BWW Review: Lack of Chemistry Causes ANNIE GET YOUR GUN to Miss the Target
The Aerospace Players (TAP) was formed in 1988 with the intent of providing an outlet for Aerospace Corporation and Los Angeles Air Force Base employees, their friends and families to participate in the performing arts. Most often, TAP performs one major Broadway musical every summer, with an all-volunteer cast and crew as well as the full orchestra conducted by Joseph Derthick that performs live at every performance. It's a huge undertaking.
This year. TAP is staging two musicals: Annie Get Your Gun as their winter production prior to their summer 2016 production of Fiddler on the Roof. Now onstage through February 6, Annie Get Your Gun tells the story of sharpshooter Annie Oakley (Julie Hinton, a natural comedienne who perfectly inhabits the role) and her romance with Frank Butler (Stephen Cathers). Unfortunately, Cathers has no chemistry whatsoever with Hinton, and try as she might to entice him, their romance seems implausible and totally unbelievable. Without two solid leads who really appear to be in love, or at least attracted to each other physically, the musical lacks the spark needed to fuel the plot. Cathers sings incredibly well, but he lacks the acting chops to pull off this sexy, swarthy lady killer who reluctantly meets his match during a shooting competition.
What saves this production is Irving Berlin's wonderful musical score that enhances the story's themes with hits including "There's No Business Like Show Business" and "Anything You Can Do." When Ms. Hinton takes over the stage during her featured musical numbers "Doin' What Comes Natur'lly" and "You Can't Get a Man with a Gun," she sets the stage on fire. The four young actors who play her younger siblings (Anderson Pillar, Adeline Hall, Fiona Okida and Madeline Weissenberg) are a joy to watch whenever they add their youthful energy and sharp stage presence to their production numbers.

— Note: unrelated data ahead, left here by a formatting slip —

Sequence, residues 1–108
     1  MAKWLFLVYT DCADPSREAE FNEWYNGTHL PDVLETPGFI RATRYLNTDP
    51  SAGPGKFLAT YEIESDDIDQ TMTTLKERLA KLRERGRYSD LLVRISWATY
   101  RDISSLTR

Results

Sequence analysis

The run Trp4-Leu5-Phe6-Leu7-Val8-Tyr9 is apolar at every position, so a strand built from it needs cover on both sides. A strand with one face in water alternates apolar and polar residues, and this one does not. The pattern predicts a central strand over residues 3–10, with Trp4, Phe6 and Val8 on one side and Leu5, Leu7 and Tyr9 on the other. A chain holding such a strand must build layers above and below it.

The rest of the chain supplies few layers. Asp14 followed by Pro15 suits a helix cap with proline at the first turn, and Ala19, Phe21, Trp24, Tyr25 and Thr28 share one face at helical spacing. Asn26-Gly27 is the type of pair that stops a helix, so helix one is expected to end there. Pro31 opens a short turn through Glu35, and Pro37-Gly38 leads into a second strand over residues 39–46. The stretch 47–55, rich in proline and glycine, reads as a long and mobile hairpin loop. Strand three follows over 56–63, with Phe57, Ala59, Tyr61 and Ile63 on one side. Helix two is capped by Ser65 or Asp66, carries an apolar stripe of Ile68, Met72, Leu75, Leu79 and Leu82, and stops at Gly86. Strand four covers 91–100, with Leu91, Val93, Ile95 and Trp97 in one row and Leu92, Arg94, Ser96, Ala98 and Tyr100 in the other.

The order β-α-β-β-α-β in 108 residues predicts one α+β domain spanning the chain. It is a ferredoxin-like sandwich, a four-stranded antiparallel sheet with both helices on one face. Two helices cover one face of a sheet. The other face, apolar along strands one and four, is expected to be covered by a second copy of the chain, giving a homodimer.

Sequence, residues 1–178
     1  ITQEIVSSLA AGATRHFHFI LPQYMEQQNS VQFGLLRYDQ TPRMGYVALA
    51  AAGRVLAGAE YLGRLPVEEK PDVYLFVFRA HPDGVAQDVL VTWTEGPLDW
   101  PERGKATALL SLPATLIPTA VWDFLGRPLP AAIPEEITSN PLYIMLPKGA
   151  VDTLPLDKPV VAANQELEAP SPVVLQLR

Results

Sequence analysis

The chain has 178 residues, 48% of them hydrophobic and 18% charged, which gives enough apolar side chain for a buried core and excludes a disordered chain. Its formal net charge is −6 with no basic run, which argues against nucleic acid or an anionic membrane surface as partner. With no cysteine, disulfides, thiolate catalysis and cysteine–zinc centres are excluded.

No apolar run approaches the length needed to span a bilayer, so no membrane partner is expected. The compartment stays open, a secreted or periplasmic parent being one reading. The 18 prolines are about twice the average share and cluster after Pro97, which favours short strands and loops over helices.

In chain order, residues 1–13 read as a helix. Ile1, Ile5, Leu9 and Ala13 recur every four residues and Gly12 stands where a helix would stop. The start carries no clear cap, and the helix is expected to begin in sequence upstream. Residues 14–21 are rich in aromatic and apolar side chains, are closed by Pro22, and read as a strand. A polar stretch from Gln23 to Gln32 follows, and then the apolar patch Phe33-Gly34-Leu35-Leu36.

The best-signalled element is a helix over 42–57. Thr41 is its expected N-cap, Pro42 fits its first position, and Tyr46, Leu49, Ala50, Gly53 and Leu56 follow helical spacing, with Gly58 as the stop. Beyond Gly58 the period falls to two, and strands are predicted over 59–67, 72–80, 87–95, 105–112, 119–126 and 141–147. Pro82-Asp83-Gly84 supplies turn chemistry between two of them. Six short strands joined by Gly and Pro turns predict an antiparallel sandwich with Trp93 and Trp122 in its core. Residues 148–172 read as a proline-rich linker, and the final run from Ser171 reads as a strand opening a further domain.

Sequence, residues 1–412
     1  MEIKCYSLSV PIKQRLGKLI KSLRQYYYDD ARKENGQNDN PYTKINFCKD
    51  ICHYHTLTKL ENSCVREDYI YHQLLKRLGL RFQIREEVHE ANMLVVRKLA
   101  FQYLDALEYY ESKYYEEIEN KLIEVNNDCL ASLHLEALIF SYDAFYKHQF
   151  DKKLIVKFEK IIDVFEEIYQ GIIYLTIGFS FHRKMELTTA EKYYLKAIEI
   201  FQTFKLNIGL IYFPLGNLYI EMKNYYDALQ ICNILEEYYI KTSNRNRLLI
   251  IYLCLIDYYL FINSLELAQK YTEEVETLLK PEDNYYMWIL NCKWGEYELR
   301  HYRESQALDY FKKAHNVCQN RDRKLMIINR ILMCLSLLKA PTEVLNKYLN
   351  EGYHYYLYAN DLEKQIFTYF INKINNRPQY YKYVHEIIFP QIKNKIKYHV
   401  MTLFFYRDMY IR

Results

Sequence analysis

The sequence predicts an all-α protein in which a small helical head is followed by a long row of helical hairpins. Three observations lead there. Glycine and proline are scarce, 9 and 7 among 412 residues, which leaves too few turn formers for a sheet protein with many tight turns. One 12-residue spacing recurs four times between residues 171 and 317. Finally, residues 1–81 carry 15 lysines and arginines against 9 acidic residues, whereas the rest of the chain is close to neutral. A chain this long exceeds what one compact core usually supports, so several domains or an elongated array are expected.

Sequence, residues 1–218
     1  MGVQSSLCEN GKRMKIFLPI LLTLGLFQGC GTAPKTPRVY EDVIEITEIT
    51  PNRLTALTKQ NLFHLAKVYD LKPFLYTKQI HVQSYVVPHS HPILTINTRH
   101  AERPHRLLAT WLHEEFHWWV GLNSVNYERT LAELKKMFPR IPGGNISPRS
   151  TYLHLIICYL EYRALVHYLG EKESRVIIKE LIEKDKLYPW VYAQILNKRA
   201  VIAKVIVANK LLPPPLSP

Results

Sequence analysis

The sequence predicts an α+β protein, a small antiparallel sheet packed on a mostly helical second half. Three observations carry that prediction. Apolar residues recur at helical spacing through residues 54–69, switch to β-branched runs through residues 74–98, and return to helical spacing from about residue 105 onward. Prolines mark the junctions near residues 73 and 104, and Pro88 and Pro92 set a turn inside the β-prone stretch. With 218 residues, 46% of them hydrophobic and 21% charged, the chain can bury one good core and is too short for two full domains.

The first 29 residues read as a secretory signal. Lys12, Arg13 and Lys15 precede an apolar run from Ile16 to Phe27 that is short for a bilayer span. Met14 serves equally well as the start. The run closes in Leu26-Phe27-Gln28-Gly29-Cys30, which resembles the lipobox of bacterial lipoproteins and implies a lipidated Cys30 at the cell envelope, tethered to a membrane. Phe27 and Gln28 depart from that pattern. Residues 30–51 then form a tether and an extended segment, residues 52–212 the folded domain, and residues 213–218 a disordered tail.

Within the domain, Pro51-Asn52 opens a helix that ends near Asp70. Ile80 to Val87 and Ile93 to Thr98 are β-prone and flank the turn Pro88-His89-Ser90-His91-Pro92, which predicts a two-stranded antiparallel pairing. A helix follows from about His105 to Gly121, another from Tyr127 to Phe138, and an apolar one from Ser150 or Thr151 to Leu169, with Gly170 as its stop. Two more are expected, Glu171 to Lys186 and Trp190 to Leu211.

TAP's Annie Get Your Gun features Kevin Wheaton as Buffalo Bill; Jason Stout as Charlie Davenport, Lawrence A. Moreno as Sitting Bull, and Jillian Valdez as Dolly Tate. Moreno is especially likeable as the intelligent Indian leader relegated to performing with Oakley, especially with his ability to show the humor in his observations of human foibles in love. Valdez shines as the over-the-top assistant to Frank Butler, using her abundant physical attributes to great effect. Ryan Raleigh adds zest as Pawnee Bill, rival showman to Wheaton's Buffalo Bill, especially during the final moments when the two men decide to merge their shows in order to survive. This merger finally brings Oakley and Butler back together, but the missing passion between Hinton and Cathers spoils the fun at the end.
Director Angela Ashe notes that throughout the Annie Get Your Gun book by Herbert and Dorothy Fields, many characters make racial and chauvinistic references toward Native Americans and women that would be considered offensive today. Choosing to honor the original intent of the musical's themes and the time in which it was written, Ms. Ashe kept in the offending remarks but never over-emphasized them, allowing them to pass over quickly as a way to reflect the attitude of the characters expressing opinions commonplace at the time of such Wild West shows. And of course this being an all-volunteer production with 28 cast members, Ms. Ashe has done her best to showcase the incredible score through many of the actors seemed to forget much of her choreography during the big production numbers. And of course, it would have enhanced the show greatly if the two leads really had the ability to create the chemistry so desperately needed between them.
Kudos to costume designer Diana Mann and her team for creating multiple Western wear pieces for every cast member, including the flashy shirts worn by Frank Butler, the full-body Native American headdress worn by Sitting Bull, and the lovely high society wear worm by the entire ensemble. I especially loved Oakley's sexy crimson gown adorned with her many sparkly medals which caught and reflected the light, enhancing Ms. Hinton's star-quality performance.
Annie Get Your Gun continues this weekend on February 5th and 6th at 8pm at the James Armstrong Theatre, located at 3330 Civic Center Drive, Torrance, CA 90503. Ticket prices: Adults $24, Seniors & Students $22, group of 10 or more $20. Box Office 310-781-7171. Visit TAP online at www.aeaclubs.org/theater or www.torranceca.gov/events or on Facebook at http://tinyurl.com/TAPAnnieFacebook.
Photos by Angela Ashe and Lisa Stout
Angela Asch, Jason Stoutâ€‹, Julie Hinton, Stephen Cathersâ€‹. Kevin Wheaton
Annie and his siblings celebrate "Doin' What Comes Natur'ally."
"Anything You Can Do"
Frank and Annie compete to see who is the best sharpshooter.
Stephen Cathers, Jillian Valdez, Kevin Wheaton, Jason Stout